Wednesday, May 02, 2012
In an interview at Slate, best-selling author Malcolm Gladwell of
The New Yorker predicts the demise of college and
professional football as we know it.
The factor that I think will be decisive is the head-injury issue. Colleges are going to get sued, and they will have to decide whether they can afford their legal exposure. That said, the issue ought to be how big-time college sports subverts the academic mission of university education.This may be, but what I find more interesting is that Gladwell's observations come out against the backdrop of an argument he plans to make that college football should be banned -- or at least that's what Slate claims he'll argue. But observing that, in today's increasingly risk-averse, paternalistic culture -- and litigious and yet responsibility-free legal environment -- that a sport millions enjoy is in danger isn't really the same thing as saying that it should be banned. Indeed, Gladwell later says the following:
[B]oxing and horseracing didn't end. They have persisted, just in vastly less popular forms than before. They have gone into slow and irreversible decline. I suspect that the same will happen with football. It's going to wither as the supply of talent slowly dries up. I heard on ESPN Michael Wilbon--who is one of the most influential sports journalists in the country--say that he will not let his kids play pro football. If Wilbon won't, who will?
If you want college athletes to assume an as yet unknown risk of permanent physical and neurological damage, you should pay them. Properly. It's a bit much both to maim AND exploit college football players.I don't think Gladwell is exactly a laissez-faire capitalist, but I think he stumbles into something close to what would (and should) happen with college football in a free economy: It would become -- completely, that is -- lower-tier professional football. Whatever Gladwell ends up arguing, I doubt it will be anything like, "Get the government out of the businesses of education and professional sports," but his prediction is worth noting.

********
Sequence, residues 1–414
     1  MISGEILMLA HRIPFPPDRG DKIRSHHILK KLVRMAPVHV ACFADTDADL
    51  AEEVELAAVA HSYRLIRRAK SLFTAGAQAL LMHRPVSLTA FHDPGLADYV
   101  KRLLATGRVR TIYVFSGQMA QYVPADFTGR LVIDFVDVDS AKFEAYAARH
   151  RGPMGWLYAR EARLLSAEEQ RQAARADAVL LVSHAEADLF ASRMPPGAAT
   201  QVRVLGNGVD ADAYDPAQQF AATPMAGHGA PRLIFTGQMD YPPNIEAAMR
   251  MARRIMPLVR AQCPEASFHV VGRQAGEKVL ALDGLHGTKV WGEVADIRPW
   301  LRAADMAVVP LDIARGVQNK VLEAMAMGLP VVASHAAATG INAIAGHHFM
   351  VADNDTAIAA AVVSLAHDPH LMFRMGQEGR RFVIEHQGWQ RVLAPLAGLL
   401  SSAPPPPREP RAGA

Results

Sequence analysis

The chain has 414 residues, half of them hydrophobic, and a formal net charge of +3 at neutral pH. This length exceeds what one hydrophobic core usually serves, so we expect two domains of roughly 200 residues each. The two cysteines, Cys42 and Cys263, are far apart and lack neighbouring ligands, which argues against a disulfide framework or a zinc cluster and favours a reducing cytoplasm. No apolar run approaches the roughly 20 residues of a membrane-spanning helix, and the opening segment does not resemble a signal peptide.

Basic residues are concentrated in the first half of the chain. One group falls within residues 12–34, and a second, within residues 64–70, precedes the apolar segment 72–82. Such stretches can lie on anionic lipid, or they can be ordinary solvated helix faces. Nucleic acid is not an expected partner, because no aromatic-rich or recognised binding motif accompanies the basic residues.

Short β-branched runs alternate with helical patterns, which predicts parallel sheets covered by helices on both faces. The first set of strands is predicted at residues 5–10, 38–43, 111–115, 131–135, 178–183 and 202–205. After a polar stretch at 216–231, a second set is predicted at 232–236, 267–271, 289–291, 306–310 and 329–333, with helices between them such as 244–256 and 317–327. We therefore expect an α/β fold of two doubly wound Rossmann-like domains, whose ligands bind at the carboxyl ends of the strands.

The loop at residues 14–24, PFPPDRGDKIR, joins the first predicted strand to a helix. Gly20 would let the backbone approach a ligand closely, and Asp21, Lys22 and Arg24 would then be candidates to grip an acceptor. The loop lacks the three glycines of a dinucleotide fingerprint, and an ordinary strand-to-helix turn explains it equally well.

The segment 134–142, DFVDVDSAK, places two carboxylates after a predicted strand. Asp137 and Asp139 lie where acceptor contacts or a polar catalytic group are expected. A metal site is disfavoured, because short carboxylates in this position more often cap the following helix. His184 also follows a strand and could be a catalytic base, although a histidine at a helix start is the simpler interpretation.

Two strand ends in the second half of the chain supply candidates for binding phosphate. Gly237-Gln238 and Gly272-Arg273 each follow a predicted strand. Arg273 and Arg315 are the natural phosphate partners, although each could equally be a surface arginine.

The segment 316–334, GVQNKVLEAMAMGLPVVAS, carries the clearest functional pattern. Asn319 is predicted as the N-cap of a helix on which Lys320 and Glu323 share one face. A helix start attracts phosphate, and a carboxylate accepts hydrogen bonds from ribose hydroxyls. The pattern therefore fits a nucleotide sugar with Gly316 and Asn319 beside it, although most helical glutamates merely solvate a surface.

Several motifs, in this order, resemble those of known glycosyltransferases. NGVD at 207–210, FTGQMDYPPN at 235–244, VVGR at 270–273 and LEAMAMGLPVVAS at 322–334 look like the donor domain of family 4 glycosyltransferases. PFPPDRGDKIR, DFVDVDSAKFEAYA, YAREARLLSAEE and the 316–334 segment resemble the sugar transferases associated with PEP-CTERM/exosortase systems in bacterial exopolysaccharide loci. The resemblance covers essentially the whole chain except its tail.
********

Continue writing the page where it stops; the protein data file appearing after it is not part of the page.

I once observed that you could probably scratch many conservatives and draw pro-big government blood when it came to education (and college sports). This would happen once you connected the dots and made it clear that their college football teams (and, probably many of their almae matres) might receive much less funding, if indeed they continued to exist at all, under capitalism. But Gladwell's prediction serves as something of an antidote by highlighting the dark side of government support: government meddling.
A government big enough to grant largesse is also big enough to take it (and more) away. Football may appear to benefit from its improper association with an educational system the government shouldn't be running, but the same excuse, need, that drives the government's involvement in education drives the redistributionism in the legal system and the elevation of risk assessment from a personal affair to an excuse to confiscate money, issue orders, or both.
Ultimately, more freedom might temporarily be painful until professional football (including college football) adjusted to complete self-support, but it would allow the sport to survive.